The problem of managers and supervisors failing to make a decision, or constantly referring options upwards when they clearly have the authority to make the decision themselves is not new, and it is certainly not uncommon. Managers and Supervisors who won't make decisions are a prime cause of paralysis within a company, business or organisation. This paralysis leads to wasted time, effort, energy and money. The company's business is stalled and as a result progress is curtailed. But what is the cause of this inability to make a decision or need to run a decision past their boss?

I firmly believe that in the majority of cases the cause is a simple and almost understandable one. That cause is simply a fear of the outcome if it all goes wrong! No one likes to go to the boss' office to get a grilling as to what happened when something goes wrong as a result of their decision. It is our built in survival mechanism that drives people to avoid this negative experience, and the only guaranteed way to avoid this is to avoid making the decision or to allow others to make the decision for them.

So what can we do as enlightened leaders?

I would suggest that the first action would be to review ourselves. Do we really make individuals feel so bad when we are trying to identify the reasons things went wrong? Perhaps we do. Perhaps we don't. But it is essential that we check that we are not contributing to the issue we seek to resolve. Do we need to speak less accusingly to people as we debrief the past to improve the future? Do we remind individuals of all the good work they normally do for us or do we just beat them up over the one bad decision that they made on this one occasion? This self-reflection will ensure that we are being fair with our people. If we are fair with people they will feel less hard done by and thus reduce the fear of having to face the boss!

Secondly I would encourage the use of a decision making model as shown below:

The above model is a simple but useful tool to give a manager or supervisor that is unwilling to make decisions. If you follow the model from the top:

You have a situation that requires a decision, firstly review what policy and procedure says, then review what (relevant) legislation requires, take into account the organisation's risk appetite (this is how much risk does the organisation call acceptable) and at the heart of your choice should be the values of the organisation.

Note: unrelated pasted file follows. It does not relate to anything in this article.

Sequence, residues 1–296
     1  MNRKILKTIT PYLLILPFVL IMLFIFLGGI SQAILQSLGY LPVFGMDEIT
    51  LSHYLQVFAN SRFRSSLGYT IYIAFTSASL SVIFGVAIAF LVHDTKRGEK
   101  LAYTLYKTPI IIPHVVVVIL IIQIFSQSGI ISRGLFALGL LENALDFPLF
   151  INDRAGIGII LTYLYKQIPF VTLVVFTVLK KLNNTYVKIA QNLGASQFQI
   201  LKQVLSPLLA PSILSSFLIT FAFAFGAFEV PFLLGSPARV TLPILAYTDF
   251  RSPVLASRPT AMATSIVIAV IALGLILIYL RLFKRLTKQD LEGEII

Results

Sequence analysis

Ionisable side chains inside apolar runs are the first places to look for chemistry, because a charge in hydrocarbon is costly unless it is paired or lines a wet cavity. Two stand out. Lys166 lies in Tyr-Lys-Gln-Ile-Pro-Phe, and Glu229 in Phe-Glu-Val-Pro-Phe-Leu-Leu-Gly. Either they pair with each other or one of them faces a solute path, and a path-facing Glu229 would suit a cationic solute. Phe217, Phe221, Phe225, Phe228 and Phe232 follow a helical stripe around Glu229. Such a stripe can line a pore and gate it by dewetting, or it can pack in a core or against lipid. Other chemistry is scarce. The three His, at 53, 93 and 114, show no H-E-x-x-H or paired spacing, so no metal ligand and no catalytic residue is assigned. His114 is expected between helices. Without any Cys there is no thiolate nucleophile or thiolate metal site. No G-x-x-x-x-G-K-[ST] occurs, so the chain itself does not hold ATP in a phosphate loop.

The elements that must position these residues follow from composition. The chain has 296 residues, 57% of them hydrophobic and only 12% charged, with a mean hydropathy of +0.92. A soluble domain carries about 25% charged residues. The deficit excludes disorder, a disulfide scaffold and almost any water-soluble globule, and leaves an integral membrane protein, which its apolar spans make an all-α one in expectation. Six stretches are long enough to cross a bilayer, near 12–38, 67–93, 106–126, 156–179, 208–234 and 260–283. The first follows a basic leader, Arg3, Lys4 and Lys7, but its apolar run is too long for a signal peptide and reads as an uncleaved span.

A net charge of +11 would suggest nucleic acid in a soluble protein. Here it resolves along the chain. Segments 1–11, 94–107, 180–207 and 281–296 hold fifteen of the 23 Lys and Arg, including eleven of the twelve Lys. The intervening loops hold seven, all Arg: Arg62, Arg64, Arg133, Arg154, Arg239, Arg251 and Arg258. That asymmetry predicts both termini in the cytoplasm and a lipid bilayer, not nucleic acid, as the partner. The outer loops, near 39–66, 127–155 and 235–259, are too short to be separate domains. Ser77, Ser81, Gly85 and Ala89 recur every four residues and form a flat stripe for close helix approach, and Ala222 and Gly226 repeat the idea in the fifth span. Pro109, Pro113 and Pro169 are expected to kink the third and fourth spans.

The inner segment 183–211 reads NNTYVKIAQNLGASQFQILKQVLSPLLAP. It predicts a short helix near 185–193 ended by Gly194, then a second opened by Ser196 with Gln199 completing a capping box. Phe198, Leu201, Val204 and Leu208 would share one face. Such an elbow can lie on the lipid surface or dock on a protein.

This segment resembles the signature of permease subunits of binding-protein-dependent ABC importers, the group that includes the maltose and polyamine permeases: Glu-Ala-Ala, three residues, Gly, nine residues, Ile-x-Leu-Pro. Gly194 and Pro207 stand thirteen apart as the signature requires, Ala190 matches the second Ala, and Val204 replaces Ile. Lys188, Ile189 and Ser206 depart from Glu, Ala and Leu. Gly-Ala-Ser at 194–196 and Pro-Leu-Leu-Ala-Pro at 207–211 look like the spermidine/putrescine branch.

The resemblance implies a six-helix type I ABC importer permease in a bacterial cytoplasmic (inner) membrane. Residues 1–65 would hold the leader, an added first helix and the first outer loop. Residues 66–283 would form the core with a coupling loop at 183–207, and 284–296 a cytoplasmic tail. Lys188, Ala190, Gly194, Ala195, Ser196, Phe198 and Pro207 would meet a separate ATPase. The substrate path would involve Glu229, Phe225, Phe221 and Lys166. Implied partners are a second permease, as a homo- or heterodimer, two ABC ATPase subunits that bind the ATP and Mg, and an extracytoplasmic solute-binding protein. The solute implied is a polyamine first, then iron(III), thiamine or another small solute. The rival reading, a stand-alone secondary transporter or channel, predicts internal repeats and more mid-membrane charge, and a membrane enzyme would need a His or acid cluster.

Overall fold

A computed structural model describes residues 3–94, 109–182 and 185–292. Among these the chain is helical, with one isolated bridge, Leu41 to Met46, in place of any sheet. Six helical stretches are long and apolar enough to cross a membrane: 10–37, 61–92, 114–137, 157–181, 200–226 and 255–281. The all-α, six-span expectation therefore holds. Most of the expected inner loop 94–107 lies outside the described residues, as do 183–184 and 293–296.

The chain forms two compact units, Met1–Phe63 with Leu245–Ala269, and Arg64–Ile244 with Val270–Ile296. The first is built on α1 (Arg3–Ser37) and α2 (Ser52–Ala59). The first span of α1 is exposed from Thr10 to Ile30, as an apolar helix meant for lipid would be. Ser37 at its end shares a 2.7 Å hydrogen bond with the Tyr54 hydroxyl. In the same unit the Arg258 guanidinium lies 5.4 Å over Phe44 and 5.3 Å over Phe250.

Once you have filtered your options through the model you pick the best option and make a decision.

Here is where you as the boss have to trust your staff, because when you give them this model, when they apply it AND evidence their decision rationale then you must tell them that you will support them no matter the outcome. This is the difficult part as there may well be times that the decision results in a negative outcome. You cannot now apportion blame to a decision made with sound evidence of having followed the model. Supporting someone that has made a decision that has cost thousands of pounds may be contrary to your intuition but it is essential that you do not break the contract you have made with your managers or supervisors.

The benefits however of this concept are numerous and will overall increase the speed at which your organisation processes change and deals with potential issues. The organisation will lose the lag that can stifle progress and innovation; it will also gain a culture of empowerment for all its people and gain engagement of those that feel disenfranchised.

Empowering your people to make key decisions at the right level will not only speed up your business, but it will increase responsiveness and free up your time as a leader to continue to set the direction of your company.

Article by Marcus Fillier of Performance Works.

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